Naturally Nebraska: Ainsworth Fires - KHGI-TV/KWNB-TV/KHGI-CD-Grand Island, Kearney, Hastings

Naturally Nebraska: Ainsworth Fires

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In Nebraska, one thing remains a constant – You can never count on the weather.

In the start of our new series "Naturally Nebraska," NTV's Annie Andrews will look at natural disasters in and around our state, and how a FEMA declaration can make or break the rebuilding process.

In Ainsworth, to the surprise of many, FEMA decided the Region 24 Complex Fires did not meet the standards for a federal declaration. Without the declaration, the burden is now directly on the backs of those left burned.

"We're expecting it, but if we don't then economically were facing a second disaster for this area," said Doug Fox, the Emergency Manager for the Ainsworth Fire.

Fox said that three months ago, while he still had hope. Now, he's facing his worst fear. "The economic impact is going to stretch for 10 to 12 years," he said.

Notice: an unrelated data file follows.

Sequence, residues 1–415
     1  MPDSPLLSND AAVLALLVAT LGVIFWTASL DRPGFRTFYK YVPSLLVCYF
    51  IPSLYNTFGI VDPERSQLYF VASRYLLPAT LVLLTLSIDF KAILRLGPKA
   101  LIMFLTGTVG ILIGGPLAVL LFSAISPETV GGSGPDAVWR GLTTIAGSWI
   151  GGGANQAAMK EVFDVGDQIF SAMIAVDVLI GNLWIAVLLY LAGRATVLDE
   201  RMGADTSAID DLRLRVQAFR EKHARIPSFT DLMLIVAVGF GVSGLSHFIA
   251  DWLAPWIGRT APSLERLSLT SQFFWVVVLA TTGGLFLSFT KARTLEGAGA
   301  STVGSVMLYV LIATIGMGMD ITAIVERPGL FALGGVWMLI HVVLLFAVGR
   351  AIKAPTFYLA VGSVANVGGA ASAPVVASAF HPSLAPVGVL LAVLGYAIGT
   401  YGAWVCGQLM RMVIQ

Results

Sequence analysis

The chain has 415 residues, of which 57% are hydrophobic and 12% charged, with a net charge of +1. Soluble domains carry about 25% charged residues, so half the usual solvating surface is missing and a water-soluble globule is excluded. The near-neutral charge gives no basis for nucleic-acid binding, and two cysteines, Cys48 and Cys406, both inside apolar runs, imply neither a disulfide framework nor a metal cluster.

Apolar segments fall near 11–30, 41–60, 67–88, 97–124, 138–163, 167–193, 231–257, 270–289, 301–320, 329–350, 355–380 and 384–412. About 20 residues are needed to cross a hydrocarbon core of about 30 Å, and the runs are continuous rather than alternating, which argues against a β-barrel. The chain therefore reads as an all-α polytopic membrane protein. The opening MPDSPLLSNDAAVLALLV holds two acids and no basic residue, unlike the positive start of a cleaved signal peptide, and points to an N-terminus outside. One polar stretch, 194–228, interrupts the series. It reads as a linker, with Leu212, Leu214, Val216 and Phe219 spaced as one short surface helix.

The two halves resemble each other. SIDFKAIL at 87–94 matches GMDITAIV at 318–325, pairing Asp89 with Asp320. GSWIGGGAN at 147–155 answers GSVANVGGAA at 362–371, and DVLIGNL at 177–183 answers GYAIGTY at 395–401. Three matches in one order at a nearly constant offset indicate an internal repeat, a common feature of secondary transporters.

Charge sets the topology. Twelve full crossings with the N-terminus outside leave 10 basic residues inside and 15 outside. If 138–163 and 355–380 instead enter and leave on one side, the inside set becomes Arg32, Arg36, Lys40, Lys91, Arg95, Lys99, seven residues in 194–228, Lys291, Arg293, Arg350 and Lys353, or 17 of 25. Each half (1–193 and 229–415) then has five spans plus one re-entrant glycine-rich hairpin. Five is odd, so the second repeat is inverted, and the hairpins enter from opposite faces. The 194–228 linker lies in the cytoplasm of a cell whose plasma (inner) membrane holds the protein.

At the end of September, two months since the fires began, Region 24 learned their fate. In a letter to the governor, FEMA wrote:

"Based on their review it has been determined that the damage was not of such severity and magnitude as to be beyond the capabilities of the state and local governments affected...therefore your request for a major disaster declaration is denied." 

Not enough for FEMA, but enough to put full families out of business. "Our barn burned," said Bill Barnes. "That was the main thing, our barn burned."

Stories like Bill Barnes are all over Ainsworth. In Keya Paha County, part of the top 100 poorest counties in the nation, six families lost everything and are now homeless.

"Most of the damage was done in Keya Paha County, of course you have Cherry and Brown too," said Fox. "But, if you look at the severity and the magnitude, yeah to me it's a declaration. It's a disaster."

There are three types of FEMA assistance: private, public, and hazardous. All have their own standards that must be met to qualify. Region 24 didn't meet any of the requirements, said Fox, despite racking up a multi–million dollar bill.

"I'm still saying $7 to 8 million probably more than that."

When the governor called in the military, it came with state aid. Direct costs to control the fire which had topped $5 million will get covered.

Fox has put in an appeal with FEMA, they are still waiting to hear the results.

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